Hackers broke into Tesla’s public cloud environment, gaining access to non-public Tesla data and stealing compute resources within the company’s Amazon Web Services (AWS) environment for cryptojacking, according to a new report from security firm RedLock.
RedLock researchers immediately informed Tesla of the hack, and the vulnerabilities have been addressed, the report noted. The cybercriminals gained access to Tesla’s Kubernetes administrative console, which exposed access credentials to Tesla’s AWS environment and provided access to non-public Tesla data stored in Amazon Simple Storage Service (S3) buckets.
Organizations that continue to employ poor user and API access hygiene, as well as ineffective visibility and user activity monitoring, are more vulnerable to breaches, according to the report. Some 73% of organizations allow the root user account to be used to perform activities, which goes against security best practices. And 16% of organizations have user accounts that have potentially been compromised, the report stated.
The hackers also performed cryptojacking using Tesla’s cloud compute resources, and used techniques such as mining pool software to hide their activity. Some 8% of organizations have been impacted by cryptocurrency mining, the report found, though it often goes unnoticed. Cryptocurrency mining has lead to a strong demand for GPUs, making them harder to obtain for scientific research and gaming hardware.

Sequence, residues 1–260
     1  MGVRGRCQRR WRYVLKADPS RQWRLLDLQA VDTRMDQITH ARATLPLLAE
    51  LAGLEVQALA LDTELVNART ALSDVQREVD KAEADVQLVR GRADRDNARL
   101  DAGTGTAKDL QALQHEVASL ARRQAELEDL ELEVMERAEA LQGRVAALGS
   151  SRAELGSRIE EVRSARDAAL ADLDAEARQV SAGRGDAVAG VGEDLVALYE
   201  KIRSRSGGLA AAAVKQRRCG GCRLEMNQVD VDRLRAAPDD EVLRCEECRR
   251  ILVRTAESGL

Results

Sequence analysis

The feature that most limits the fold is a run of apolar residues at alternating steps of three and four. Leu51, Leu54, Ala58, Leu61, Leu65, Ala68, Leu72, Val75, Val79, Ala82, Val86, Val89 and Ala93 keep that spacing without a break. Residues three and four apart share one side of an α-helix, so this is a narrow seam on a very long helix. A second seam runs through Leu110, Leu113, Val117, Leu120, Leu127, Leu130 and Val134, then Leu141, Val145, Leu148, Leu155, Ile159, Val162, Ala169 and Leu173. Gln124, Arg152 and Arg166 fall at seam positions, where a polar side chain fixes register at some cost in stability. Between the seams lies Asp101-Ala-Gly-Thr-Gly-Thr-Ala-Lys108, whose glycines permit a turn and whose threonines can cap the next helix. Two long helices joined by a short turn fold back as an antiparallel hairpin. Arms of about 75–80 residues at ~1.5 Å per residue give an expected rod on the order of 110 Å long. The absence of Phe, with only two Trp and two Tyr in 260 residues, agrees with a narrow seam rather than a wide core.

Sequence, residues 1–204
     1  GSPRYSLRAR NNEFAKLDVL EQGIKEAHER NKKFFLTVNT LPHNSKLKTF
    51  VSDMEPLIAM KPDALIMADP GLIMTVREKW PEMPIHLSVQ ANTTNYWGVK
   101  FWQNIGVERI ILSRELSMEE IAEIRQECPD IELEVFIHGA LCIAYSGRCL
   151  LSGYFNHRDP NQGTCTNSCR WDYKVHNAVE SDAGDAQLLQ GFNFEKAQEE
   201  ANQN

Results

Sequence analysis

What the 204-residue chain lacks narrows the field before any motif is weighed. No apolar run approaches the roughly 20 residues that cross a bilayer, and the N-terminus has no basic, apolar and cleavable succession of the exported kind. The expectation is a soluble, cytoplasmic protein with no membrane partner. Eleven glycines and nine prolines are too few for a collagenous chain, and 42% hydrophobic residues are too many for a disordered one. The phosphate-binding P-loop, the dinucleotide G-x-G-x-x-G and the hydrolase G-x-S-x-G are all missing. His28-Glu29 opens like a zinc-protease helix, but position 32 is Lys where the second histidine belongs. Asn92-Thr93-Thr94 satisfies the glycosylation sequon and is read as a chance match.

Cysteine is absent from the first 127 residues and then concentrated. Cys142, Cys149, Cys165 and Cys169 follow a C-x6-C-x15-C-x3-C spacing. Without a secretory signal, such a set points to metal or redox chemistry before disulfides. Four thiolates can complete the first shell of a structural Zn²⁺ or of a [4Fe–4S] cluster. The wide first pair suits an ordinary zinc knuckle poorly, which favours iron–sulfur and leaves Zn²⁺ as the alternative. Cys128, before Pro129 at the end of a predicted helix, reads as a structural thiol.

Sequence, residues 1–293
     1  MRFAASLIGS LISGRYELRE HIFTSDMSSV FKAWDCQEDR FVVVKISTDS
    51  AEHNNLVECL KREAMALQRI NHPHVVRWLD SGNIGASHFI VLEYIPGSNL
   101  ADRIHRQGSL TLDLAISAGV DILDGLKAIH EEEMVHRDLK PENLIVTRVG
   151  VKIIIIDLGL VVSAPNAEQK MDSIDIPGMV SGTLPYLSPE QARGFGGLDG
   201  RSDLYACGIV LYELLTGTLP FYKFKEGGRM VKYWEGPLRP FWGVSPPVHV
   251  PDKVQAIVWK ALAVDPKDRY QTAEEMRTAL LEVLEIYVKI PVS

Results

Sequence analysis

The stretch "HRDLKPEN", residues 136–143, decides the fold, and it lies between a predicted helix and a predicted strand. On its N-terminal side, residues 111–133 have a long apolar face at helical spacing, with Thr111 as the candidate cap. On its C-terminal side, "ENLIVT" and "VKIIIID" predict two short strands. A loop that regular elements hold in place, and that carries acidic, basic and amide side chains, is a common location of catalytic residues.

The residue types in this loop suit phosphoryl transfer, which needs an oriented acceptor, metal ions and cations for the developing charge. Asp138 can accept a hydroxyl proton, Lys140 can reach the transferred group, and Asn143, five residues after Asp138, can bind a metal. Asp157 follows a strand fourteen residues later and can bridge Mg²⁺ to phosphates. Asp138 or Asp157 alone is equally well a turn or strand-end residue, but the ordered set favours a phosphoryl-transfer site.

“The message from this research is loud and clear—the unmistakable potential of cloud environments is seriously compromised by sophisticated hackers identifying easy-to-exploit vulnerabilities,” Gaurav Kumar, CTO of RedLock, said in a press release. “In our analysis, cloud service providers such as Amazon, Microsoft and Google are trying to do their part, and none of the major breaches in 2017 was caused by their negligence. However, security is a shared responsibility: Organizations of every stripe are fundamentally obliged to monitor their infrastructures for risky configurations, anomalous user activities, suspicious network traffic, and host vulnerabilities. Without that, anything the providers do will never be enough.”